A South African court on Monday allowed a new party backed by former president Jacob Zuma to use its name and logo in May's general election, dismissing the ruling ANC's allegation of trademark theft.

The Durban high court ruled in favour of the uMkhonto we Sizwe (MK) party in the latest of a string of court battles between Zuma and his former political party, the ruling African National Congress (ANC).

The ANC tried to stop the 82-year-old's new party from using the MK name, alleging intellectual property theft.

The name of the opposition MK is identical to that of the armed wing of the ANC, which Nelson Mandela led from exile during the apartheid era.

"The application is dismissed with costs," a court authority said in a televised ruling.

Zuma, who was forced out of office in 2018 under a cloud of corruption allegations, is campaigning for MK in a bid to relaunch his political career and weaken his former party, the ANC.

"I'm over the moon that the ANC has been shown that they can't fight the MK, we are unstoppable," MK's leader Jabulani Khumalo told national broadcaster SABC.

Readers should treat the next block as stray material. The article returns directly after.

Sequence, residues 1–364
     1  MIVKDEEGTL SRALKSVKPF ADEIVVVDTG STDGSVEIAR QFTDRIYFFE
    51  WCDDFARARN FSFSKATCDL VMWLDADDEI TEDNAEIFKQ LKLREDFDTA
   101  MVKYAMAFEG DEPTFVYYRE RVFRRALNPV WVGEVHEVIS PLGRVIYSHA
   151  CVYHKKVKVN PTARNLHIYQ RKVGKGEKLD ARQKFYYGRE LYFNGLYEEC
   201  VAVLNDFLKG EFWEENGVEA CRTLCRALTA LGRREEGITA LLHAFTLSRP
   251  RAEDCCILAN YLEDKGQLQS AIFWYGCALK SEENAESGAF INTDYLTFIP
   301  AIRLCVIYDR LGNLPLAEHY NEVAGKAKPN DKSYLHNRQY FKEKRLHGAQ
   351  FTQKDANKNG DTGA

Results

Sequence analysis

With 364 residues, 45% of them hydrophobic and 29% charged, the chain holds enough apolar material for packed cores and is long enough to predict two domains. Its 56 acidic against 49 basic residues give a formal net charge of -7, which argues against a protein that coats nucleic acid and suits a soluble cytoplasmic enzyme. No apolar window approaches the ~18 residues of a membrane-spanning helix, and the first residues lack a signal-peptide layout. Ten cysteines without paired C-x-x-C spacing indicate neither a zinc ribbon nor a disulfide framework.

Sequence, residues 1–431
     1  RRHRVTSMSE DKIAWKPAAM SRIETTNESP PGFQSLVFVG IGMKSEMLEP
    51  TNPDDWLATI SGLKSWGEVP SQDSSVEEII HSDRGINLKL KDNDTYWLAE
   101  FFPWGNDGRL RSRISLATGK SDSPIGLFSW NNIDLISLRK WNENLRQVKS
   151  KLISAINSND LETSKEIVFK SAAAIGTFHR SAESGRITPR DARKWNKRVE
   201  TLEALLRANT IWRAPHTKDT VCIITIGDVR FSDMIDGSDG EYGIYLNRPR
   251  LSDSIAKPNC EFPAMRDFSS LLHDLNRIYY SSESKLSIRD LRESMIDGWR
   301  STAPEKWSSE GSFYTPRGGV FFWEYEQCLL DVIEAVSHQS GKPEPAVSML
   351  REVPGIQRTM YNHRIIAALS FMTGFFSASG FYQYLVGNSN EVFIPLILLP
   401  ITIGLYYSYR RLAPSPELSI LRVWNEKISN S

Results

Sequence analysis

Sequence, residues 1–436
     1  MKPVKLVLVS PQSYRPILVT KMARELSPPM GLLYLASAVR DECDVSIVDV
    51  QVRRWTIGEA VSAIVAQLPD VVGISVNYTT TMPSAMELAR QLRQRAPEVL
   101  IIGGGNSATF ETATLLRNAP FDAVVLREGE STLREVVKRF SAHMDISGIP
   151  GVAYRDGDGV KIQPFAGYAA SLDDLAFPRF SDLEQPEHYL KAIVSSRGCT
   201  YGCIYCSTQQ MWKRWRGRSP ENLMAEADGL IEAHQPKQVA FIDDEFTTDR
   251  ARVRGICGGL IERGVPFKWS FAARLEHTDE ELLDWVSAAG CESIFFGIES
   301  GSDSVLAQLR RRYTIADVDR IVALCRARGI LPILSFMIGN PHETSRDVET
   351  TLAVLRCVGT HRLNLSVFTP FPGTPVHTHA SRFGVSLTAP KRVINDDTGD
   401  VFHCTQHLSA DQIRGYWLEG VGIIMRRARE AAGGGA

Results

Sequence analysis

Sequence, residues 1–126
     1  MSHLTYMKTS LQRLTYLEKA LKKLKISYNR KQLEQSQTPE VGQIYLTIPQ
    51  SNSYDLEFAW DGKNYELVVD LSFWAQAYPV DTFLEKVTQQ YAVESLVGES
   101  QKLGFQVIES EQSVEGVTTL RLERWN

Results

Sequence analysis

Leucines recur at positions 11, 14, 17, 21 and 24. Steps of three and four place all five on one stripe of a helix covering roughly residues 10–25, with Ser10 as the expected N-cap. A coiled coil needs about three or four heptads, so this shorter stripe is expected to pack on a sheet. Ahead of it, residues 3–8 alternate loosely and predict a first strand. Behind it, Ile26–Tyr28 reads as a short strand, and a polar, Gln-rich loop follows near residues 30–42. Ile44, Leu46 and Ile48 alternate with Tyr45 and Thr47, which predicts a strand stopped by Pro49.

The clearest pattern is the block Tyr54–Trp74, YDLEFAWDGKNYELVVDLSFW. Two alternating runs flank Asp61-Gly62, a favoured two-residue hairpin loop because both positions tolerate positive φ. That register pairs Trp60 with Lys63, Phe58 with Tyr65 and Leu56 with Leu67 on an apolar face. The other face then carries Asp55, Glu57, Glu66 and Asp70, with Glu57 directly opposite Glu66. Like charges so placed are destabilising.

South Africa goes to the polls on May 29 in what is expected to be the most competitive vote since the advent of democracy in 1994.

According to recent polls, the ANC is on course to score below 50 percent for the first time.

Earlier this month, Zuma won a battle against a decision by the electoral authorities to bar him over a contempt conviction, allowing the scandal-tainted politician to stand in the poll.

The charismatic Zuma, who was president from 2009 to 2018, still carries considerable political clout and has recently garnered major media attention.

A recent poll by South African think tank Social Research Foundation predicted the MK would be the second largest opposition party, with 13 percent, with the ANC on 36 percent and the official opposition Democratic Alliance securing 25 percent.